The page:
Dear Salman Rushdie,
When I was in secondary school, we were assigned The Moor’s Last Sigh. I remember they attempted to clad our vocabulary to understand your novel by giving us spelling and definition tests. I’m not sure it was the most successful exercise. I will however always remember Zarathustra, in relation to both you and Nietzsche.
When I was working on my undergraduate degree, I read The Satanic Verses. I killed a fly with the book in Italy, and then left the book in a hotel in London. Sorry about that. I read it expecting to be shocked and altered. I don’t think about goats the same way, anymore. It also made me think about police brutality, which I had never really thought about before in my immediate context because of the privilege of my skin colour and where I grew up.
I have not yet begun your newest book Rushdie. I’m sorry. I will very soon. I also want to read Midnight’s Children because Indian History is so vital to understanding modern society. Don’t agree with me, other readers? Well, it is. The British had, for a very long time, traded with and, subsequently, colonized India. When the British left in 1947, they left ‘India’ divided and the catastrophic events of Partition occurred. Rushdie, your novel explores the decolonization of India and the events of partition through fiction. I will read this book; I promise. I am always on the look out for a nice edition. If you’re looking for some secondary literature on the subject, why not look up Neil Ten Korenaar’s book Self, Nation, Text in Salman Rushdie’s “Midnight’s Children”.
Before I even asked for Two Years, my mom and I were walking through a shop. I had picked it up and put it in my basket. She was about to catch up to me in the store, when she stopped and looked at the stack of your books. She picked the book up. She touched the front cover. She paused. She walked past the other books and came to me. Then she saw the book in my basket. She smiled and said, ‘How do you do that?’ ‘Do what,’ I asked, a little too innocently. ‘Use your brain powers to direct me to the books you want without telling me?’ I smiled, ‘It’s the jin.’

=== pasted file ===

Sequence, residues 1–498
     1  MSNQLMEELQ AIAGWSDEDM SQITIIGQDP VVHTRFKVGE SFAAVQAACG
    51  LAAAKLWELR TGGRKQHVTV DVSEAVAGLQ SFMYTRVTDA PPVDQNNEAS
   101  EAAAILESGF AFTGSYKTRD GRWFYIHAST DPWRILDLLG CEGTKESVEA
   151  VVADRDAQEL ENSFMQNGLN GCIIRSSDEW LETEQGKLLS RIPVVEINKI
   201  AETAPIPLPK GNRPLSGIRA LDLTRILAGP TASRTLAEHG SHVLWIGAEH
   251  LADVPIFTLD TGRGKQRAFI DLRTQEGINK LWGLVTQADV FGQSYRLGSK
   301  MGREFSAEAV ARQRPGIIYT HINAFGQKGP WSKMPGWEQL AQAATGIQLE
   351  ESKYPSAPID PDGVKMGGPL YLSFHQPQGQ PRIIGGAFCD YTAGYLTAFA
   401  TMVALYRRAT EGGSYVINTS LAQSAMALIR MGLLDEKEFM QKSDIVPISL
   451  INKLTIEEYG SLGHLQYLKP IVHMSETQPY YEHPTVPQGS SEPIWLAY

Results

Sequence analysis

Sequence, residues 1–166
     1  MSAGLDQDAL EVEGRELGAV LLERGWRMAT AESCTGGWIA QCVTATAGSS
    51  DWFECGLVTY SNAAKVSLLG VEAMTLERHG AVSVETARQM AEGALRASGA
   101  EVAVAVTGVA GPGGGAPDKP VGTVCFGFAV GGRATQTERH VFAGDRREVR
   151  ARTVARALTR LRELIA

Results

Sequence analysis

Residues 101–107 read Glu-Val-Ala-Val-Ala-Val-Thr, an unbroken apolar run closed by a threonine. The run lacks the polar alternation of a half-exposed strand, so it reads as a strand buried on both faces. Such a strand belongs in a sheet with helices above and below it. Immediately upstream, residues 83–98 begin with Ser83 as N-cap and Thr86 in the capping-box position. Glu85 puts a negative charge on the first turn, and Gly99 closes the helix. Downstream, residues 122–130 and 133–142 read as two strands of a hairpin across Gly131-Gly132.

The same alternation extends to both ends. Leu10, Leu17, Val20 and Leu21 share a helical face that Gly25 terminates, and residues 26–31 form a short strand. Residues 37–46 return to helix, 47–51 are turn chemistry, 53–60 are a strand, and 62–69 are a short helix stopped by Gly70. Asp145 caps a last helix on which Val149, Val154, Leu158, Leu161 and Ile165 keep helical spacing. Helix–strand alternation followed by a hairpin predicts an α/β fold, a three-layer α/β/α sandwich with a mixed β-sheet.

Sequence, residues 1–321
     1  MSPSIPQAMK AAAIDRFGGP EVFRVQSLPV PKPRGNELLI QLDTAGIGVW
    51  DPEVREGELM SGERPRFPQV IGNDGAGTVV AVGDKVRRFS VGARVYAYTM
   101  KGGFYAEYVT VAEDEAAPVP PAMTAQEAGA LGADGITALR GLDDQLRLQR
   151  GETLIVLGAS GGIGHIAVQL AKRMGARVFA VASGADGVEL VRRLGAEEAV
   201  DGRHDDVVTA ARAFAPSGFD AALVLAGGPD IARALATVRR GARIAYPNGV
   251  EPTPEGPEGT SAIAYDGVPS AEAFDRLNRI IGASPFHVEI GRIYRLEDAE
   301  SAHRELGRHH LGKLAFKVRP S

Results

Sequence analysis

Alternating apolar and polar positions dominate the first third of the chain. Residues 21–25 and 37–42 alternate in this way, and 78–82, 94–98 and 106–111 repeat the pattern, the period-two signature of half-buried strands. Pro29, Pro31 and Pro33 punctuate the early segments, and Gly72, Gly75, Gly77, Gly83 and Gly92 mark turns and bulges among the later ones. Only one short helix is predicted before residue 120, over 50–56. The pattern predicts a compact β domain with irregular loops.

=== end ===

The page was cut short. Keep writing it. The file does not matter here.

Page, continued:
Rushdie, there is a Goya print as your frontispiece. When I got the book, it was a birthday gift from my mom, we went through the pages. My mom saw the print and noted the name. When I saw Goya I cried aloud, significantly, ‘It’s GOYA!’ She smiled, because she had previously bought me an art historical book all about Goya. In case you’re wondering, it’s Goya: Order and Disorder. She then went on to skip to a random page and read out some lines. We were in the car. Our dog was staring at us from the yard, she was supposed to be going pee but was, instead, giving my sister a hard time.
I’m not sure what this all means. I think it’s just what is. You have been with me since I was less read and a lot more green. I wish that I had known then what I have since learnt. I think it would have made your book more meaningful and significant to me. That’s why I advocate that we should all always be students of history. Some authors would have us disregard context, prior knowledge, and an author’s life. Can we, or should we, do this? I don’t know. History and storytelling fix our narratives. They help us to learn how to use words effectively so we may speak our own momentary truths. Our capacity to keep learning and grow consoles me, so I can revisit your books as a different person every time.
When my dog bounces like a bunny or prances like a cat, I often ask her if she is having an identity crisis. Whether it would be useful for us to revisit Sartre? She stares with her big eyes and hopes I’ll give her a treat or, better yet, a full meal. When I am unsure of how or who I am, I look to you with my eyes full of hope and wonder, waiting to be filled with your words and meaning.
Dearest Rushdie, I’m about to begin your book. It will be the most glorious 1,001 Nights yet.